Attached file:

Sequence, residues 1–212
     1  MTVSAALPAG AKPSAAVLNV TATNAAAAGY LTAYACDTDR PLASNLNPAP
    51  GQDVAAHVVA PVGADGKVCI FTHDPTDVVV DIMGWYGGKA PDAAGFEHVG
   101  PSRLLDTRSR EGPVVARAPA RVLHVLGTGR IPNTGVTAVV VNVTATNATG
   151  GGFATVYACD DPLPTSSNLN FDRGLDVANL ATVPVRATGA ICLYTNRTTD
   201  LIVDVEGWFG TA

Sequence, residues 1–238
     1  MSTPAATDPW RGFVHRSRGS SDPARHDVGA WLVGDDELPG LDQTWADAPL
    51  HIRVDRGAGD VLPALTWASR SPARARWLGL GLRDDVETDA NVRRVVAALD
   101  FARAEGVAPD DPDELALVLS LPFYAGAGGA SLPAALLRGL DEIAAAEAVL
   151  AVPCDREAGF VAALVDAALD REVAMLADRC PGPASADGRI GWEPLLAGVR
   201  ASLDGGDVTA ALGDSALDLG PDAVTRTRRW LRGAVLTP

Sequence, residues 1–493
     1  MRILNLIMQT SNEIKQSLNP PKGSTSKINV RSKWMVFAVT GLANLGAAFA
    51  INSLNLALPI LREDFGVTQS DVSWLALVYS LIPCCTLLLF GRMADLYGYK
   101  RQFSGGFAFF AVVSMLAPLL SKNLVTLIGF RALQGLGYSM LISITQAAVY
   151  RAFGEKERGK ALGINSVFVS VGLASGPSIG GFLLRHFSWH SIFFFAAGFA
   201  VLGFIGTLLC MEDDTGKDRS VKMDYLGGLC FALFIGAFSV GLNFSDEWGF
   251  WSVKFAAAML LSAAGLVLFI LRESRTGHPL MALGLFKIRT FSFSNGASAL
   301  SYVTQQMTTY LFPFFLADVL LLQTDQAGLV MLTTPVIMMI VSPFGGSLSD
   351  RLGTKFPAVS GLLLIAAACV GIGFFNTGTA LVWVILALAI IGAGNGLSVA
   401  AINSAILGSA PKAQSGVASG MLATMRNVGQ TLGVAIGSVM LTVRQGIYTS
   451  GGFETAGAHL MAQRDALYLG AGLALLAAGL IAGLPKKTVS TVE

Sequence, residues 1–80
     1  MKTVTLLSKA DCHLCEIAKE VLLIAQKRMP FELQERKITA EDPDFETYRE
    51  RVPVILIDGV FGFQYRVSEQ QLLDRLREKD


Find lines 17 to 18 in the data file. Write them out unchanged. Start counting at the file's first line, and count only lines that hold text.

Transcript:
   151  RAFGEKERGK ALGINSVFVS VGLASGPSIG GFLLRHFSWH SIFFFAAGFA
   201  VLGFIGTLLC MEDDTGKDRS VKMDYLGGLC FALFIGAFSV GLNFSDEWGF